Perspective on Risk - May 22, 2022
Burning Down The House (Pt. 1-4); Good/Important Gensler speech; This Is How The Terra Stablecoin Actually Imploded; Lehman's Not Dead Yet
Seems like a good day to send this out.
Burning Down The House (Pt. 1)
Extreme Temperatures Around The World @extremetempsJacobabad again ! Today 14 May the Pakistani town of Jacobabad rose to 51.0C,highest temperature of 2022 in the world (above the 50.7C recorded in Australia). 50.5C also at Nawabshah and 50.0C at Moen Jo Daro. Later a tweet about India. Stay tuned. https://t.co/mdioIRQzf8
The wet-bulb temperature (WBT) is the temperature read by a thermometer covered in water-soaked (water at ambient temperature) cloth (a wet-bulb thermometer) over which air is passed. At 100% relative humidity, the wet-bulb temperature is equal to the air temperature (dry-bulb temperature); at lower humidity the wet-bulb temperature is lower than dry-bulb temperature because of evaporative cooling.
Even heat-adapted people cannot carry out normal outdoor activities past a wet-bulb temperature of 32 °C (90 °F), equivalent to a heat index of 55 °C (130 °F). The theoretical limit to human survival for more than a few hours in the shade, even with unlimited water, is a wet-bulb temperature of 35 °C (95 °F) – theoretically equivalent to a heat index of 70 °C (160 °F), though the heat index does not go that high.
India and Pakistan’s brutal heat wave poised to resurge (Yale Climate Connection)
A brutal, record-intensity heat wave that has engulfed much of India and Pakistan since March eased somewhat this week, but is poised to roar back in the coming week with inferno-like temperatures of up to 50 degrees Celsius (122°F). The heat, when combined with high levels of humidity – especially near the coast and along the Indus River Valley – will produce dangerously high levels of heat stress that will approach or exceed the limit of survivability for people outdoors for an extended period.
Burning Down The House (Pt. 2)
Burning Down The House (Pt. 3)
Burning Down The House (Pt. 4)
Good/Important Gensler speech
I think what we’re living through in the 2020s is as transformative as the 1990s was with the internet. What I’m referencing is the use of predictive data analytics, built upon artificial intelligence and machine learning, tapping into the veritable explosion of data on every one of us.
Coupled with differential marketing, differential pricing, and individually tailored behavioral prompts, these technologies—what we’ve called digital engagement practices (DEPs)—are increasingly shaping many parts of our economy.
He then uses a useful thought experiment of a grocery store as if it were a virtual experience, using it to highlight conflict of interest, bias, systemic concentration risk issues, and Reg BI (best interest)..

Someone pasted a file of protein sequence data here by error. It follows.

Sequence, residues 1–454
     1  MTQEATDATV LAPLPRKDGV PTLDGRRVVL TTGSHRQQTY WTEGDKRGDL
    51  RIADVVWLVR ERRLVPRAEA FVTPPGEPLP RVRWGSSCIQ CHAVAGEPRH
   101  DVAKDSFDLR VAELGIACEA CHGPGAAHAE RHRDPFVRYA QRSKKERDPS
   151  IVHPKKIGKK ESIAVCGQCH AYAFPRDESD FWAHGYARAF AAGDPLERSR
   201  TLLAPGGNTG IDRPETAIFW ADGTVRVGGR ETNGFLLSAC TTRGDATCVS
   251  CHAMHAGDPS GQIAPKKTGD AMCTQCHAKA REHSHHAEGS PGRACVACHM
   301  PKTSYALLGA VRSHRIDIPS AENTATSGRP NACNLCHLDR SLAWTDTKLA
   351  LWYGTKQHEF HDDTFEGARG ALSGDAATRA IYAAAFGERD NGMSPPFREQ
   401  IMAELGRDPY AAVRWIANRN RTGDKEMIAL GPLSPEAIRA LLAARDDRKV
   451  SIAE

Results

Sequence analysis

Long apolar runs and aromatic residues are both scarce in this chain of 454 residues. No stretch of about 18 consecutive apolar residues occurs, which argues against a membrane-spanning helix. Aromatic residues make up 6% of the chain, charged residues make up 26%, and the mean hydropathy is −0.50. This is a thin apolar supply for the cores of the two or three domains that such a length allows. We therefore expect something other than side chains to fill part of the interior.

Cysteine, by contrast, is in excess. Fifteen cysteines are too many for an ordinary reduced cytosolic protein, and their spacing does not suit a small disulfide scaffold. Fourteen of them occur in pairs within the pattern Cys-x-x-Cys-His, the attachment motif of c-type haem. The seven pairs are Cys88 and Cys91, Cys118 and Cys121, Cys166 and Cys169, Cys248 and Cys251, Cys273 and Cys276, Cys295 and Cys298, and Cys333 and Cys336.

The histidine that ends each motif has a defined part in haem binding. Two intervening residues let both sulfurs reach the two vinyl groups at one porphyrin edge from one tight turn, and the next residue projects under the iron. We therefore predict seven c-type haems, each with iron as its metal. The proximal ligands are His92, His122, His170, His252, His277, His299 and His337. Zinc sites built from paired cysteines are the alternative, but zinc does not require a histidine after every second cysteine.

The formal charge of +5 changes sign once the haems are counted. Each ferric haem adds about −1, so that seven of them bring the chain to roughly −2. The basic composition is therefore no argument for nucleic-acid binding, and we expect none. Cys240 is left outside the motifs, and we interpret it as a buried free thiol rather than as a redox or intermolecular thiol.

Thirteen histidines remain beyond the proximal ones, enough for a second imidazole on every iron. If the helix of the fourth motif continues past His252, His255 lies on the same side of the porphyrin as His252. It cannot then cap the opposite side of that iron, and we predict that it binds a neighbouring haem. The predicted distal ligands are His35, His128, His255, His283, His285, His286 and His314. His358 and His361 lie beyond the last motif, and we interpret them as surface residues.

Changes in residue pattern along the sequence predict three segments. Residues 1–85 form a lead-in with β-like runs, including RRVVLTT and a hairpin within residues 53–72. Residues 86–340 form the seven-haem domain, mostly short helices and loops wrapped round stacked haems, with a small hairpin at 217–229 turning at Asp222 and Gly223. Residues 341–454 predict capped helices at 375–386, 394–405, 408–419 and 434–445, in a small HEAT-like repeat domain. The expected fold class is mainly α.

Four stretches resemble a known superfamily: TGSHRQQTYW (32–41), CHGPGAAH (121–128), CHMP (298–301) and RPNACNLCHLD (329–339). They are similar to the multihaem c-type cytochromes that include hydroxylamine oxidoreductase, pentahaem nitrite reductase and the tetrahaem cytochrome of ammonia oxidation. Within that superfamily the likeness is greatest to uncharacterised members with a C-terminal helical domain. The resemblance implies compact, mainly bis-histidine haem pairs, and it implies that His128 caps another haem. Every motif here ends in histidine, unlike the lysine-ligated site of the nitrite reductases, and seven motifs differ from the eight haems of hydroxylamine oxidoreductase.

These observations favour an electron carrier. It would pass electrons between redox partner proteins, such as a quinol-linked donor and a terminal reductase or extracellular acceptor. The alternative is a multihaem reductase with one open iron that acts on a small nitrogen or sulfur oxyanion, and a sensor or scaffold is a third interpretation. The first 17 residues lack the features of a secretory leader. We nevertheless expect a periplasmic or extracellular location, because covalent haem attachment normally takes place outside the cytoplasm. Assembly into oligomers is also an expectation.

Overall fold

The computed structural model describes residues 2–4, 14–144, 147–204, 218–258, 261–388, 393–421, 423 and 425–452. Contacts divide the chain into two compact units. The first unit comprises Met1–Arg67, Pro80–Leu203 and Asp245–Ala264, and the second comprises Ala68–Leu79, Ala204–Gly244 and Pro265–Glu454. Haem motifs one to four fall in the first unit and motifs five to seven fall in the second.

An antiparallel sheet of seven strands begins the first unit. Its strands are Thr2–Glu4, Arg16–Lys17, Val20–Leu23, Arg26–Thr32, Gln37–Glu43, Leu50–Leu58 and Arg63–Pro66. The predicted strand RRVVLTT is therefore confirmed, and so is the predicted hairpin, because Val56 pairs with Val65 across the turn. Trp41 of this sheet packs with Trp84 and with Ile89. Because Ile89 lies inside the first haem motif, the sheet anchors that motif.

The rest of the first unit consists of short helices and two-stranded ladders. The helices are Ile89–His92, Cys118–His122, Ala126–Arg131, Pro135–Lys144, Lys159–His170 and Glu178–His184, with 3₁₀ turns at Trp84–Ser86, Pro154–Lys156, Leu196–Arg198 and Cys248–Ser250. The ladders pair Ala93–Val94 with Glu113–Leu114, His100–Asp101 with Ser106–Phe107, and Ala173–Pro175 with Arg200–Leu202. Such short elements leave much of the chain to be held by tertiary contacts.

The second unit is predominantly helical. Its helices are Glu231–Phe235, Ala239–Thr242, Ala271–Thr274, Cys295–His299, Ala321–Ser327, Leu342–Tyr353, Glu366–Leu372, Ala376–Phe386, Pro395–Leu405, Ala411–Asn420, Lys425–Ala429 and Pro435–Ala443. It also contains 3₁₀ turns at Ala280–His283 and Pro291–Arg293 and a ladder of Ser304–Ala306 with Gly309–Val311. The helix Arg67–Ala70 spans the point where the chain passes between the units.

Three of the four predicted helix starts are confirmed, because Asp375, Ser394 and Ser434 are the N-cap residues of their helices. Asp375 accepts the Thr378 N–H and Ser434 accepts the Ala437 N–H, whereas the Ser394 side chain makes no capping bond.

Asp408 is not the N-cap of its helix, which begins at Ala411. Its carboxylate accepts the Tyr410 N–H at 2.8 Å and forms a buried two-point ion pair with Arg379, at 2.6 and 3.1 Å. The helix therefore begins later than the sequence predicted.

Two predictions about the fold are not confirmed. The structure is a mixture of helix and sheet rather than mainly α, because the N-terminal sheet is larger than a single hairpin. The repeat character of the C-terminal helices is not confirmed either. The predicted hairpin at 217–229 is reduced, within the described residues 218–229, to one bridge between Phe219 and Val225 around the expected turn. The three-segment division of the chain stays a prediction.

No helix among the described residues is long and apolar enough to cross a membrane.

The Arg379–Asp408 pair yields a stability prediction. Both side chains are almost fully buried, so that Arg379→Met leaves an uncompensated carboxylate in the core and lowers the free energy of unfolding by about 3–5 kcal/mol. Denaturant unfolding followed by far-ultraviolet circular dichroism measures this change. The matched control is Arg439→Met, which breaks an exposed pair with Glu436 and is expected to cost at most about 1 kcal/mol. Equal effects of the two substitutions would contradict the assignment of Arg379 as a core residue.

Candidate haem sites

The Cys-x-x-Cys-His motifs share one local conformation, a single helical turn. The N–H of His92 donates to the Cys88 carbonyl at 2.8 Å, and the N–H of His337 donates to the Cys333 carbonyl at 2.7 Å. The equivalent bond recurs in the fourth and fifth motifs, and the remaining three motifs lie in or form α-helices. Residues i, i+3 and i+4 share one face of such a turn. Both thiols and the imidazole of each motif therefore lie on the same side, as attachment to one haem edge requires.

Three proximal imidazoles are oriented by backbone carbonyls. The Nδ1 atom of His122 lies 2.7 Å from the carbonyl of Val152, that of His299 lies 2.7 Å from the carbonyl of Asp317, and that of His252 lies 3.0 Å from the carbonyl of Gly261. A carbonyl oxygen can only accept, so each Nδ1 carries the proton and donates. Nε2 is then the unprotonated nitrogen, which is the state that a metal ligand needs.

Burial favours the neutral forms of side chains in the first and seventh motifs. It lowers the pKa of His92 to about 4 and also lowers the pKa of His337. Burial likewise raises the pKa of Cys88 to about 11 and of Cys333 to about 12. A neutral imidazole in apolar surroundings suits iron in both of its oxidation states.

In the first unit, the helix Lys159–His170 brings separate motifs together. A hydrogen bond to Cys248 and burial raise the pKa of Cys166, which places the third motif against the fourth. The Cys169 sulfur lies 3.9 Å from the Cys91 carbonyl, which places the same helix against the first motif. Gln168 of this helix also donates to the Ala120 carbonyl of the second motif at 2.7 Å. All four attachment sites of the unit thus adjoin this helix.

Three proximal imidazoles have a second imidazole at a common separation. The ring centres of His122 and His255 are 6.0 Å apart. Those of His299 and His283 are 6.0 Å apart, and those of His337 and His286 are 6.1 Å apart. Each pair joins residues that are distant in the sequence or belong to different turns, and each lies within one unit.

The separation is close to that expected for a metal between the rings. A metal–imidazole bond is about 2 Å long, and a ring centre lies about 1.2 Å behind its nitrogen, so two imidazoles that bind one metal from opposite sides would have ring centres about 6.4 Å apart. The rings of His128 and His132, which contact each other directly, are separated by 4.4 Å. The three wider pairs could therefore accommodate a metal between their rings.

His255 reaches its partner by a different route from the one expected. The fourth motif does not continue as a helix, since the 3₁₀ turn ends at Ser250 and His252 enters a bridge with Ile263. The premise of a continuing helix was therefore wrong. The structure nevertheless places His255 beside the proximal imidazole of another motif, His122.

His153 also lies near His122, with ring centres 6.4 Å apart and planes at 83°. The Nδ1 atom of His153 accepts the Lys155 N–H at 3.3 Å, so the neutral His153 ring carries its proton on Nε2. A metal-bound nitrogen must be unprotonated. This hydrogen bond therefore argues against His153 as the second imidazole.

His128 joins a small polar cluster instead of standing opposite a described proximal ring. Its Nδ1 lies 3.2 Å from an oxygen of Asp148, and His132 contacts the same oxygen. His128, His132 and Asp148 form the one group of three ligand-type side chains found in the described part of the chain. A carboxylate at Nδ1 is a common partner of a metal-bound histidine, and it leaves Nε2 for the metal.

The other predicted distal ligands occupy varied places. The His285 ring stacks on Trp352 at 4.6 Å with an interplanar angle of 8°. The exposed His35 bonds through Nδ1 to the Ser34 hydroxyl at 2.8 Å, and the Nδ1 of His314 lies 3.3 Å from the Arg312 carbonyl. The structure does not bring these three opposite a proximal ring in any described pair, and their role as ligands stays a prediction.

Imagine if the store rearranged its inventory, shelving, and pricing for each shopper who visited the store, each time they visited that store, down to the impulse items by the register. The precision with which the store could nudge you toward certain purchases—and the algorithms behind those nudges—could be powerful and profitable.
This Is How The Terra Stablecoin Actually Imploded
Oddlots did a really nice job covering this blowup. Here they interview Kevin Zhou, the founder of the crypto hedge fund Galois Capital, who early-on called out the Terra/Luna problems.
I would say either perpetual motion machine or giant Rube Goldberg machine. Right? So some of these are just really elaborate contraptions and, you know, you don't know where the hand crank is, but someone's turning a hand crank to keep the system going.
… the anchor yields on deposits for UST, this 19.5%, which then eventually dropped down to 18%. That's exactly the hand crank in this perpetual motion machine that makes it not perpetual. And it's a great question, always, I think, to ask where do the yields come from? I think a lot of times, you know, it just seems like there's free money, but it turns out you're just subsuming all of this kind of indirect or hidden risk that you're not aware of. A lot of this kind of like tail risk, which, you know, only manifests once in blue moon, but when it does it completely wipes you out. So it's just really kind of like very dangerous kind of invisible risk.
… if you can't find where the yield is coming from, then effectively it's coming from future bag holders.
Classic discussion of intra-crypto contagion (and spillover to regulated financial markets) @44:03, with commentary on Tether breaking-the-buck.
Lots of details on bonding curve shapes, automated market makers (AMMs), types of stablecoins, inter-coin liquidity; listen or read as I won’t do justice quoting here.
David Gerrard in Foreign Policy also has a nice summary: The Cryptocurrency Crash Is Replaying 2008 as Absurdly as Possible
Interesting “Flight to Quality” in Crypto
Lehman’s Not Dead Yet
The Last of Lehman Brothers (Business Week)